Wild coastal greens are popping up on plates in restaurants all around Australia. But do you know your warrigal greens from your barilla? Let's hit the beach.
"It's amazing how much food and medicine you can come across below your feet," says winemaker and market gardener Tim Webber. "It's no wonder Australian chefs are using what's right before our very eyes more and more often." Webber was one-half of the team that opened Sydney wine bar Love, Tilly Devine; he has cooked at Sean's Panaroma and foraged for restaurants including Africola and Ester. He and his partner, Monique Millton, now make Manon wine in the Adelaide Hills. When it comes to identifying coastal greens, Webber suggests familiarising yourself with a key half a dozen plants to start.
"Try before you buy," he says. Samphire is a salty green with a bitter edge - "the beachside wine-drinker's pickle of choice". Together with seablite, it shares its habitat with warrigal greens, an iron-rich spinach abundant along the east coast of New South Wales and into Victoria, where it's gradually replaced by barilla. You may have seen samphire tossed through Kylie Kwong's yabbies and XO sauce, or seablite atop stracciatella at Automata, but you can keep beach-plant cooking far simpler at home by tossing them into a fish pan at the very last minute with nothing more than olive oil and lemon.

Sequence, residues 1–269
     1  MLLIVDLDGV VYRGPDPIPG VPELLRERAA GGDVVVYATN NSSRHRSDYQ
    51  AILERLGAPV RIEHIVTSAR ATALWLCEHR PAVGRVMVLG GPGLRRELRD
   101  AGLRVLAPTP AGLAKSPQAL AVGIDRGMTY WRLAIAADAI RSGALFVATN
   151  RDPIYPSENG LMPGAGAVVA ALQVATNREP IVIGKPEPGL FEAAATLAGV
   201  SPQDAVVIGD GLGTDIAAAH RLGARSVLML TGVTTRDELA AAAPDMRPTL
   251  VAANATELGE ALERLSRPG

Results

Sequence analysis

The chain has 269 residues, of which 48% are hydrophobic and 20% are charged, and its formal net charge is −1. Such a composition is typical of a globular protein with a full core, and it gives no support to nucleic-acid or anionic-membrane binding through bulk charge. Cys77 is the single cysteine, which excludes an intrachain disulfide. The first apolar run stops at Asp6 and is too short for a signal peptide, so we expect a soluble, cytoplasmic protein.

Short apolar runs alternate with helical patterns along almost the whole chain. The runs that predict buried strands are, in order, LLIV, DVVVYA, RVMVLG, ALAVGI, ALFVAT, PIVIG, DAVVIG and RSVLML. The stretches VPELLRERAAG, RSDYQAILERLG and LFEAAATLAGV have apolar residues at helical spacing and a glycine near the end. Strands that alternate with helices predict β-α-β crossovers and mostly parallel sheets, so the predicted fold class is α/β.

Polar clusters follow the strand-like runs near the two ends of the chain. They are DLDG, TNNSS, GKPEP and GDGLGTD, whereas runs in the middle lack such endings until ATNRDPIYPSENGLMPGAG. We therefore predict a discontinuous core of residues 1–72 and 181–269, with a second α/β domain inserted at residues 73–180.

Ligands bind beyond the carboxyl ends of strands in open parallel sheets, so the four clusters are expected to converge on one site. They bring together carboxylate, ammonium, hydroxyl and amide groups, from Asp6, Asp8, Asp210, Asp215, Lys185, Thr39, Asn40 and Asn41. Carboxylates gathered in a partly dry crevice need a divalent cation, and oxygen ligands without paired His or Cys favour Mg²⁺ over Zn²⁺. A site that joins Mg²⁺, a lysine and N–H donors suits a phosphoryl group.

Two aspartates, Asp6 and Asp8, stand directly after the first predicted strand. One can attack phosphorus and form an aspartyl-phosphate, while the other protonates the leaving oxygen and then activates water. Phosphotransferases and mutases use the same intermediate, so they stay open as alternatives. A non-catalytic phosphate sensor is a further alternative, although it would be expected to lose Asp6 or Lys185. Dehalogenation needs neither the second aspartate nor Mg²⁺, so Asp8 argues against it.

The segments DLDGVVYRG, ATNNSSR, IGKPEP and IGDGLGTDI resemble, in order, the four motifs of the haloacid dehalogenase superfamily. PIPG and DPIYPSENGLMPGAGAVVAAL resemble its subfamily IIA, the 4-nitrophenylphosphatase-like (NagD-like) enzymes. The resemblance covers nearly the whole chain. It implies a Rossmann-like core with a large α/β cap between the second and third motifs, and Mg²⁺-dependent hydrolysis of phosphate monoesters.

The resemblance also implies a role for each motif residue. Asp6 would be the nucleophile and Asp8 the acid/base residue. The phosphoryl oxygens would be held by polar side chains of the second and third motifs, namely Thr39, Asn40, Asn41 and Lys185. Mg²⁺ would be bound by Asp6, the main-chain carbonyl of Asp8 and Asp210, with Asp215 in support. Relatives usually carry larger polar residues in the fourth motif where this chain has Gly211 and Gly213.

Another go-to among chefs such as Jock Zonfrillo and David Moyle is the robustly flavoured saltbush, which is great fried and served over beef or kangaroo. "It's from the same family as quinoa, amaranth, beets and chard and is amazing with an ice-cold beer," says Webber. Karkalla's succulent banana-shaped leaves have a beautiful lemony tang, while sea parsley is "like celery intensified by 100, then dipped in salt". Sounds like summer to us. For a list of distributors, visit outbackpridefresh.com.au